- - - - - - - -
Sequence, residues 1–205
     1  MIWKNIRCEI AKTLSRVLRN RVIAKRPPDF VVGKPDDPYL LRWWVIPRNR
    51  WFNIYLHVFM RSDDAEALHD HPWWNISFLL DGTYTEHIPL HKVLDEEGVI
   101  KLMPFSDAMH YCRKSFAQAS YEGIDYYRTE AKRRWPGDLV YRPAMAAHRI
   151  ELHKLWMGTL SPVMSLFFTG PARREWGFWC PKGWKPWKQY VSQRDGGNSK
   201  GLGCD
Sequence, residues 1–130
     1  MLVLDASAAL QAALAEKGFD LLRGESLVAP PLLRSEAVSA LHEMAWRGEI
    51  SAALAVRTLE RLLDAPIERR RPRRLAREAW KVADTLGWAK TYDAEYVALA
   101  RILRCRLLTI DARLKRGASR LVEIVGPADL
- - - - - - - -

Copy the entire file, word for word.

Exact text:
Sequence, residues 1–205
     1  MIWKNIRCEI AKTLSRVLRN RVIAKRPPDF VVGKPDDPYL LRWWVIPRNR
    51  WFNIYLHVFM RSDDAEALHD HPWWNISFLL DGTYTEHIPL HKVLDEEGVI
   101  KLMPFSDAMH YCRKSFAQAS YEGIDYYRTE AKRRWPGDLV YRPAMAAHRI
   151  ELHKLWMGTL SPVMSLFFTG PARREWGFWC PKGWKPWKQY VSQRDGGNSK
   201  GLGCD
Sequence, residues 1–130
     1  MLVLDASAAL QAALAEKGFD LLRGESLVAP PLLRSEAVSA LHEMAWRGEI
    51  SAALAVRTLE RLLDAPIERR RPRRLAREAW KVADTLGWAK TYDAEYVALA
   101  RILRCRLLTI DARLKRGASR LVEIVGPADL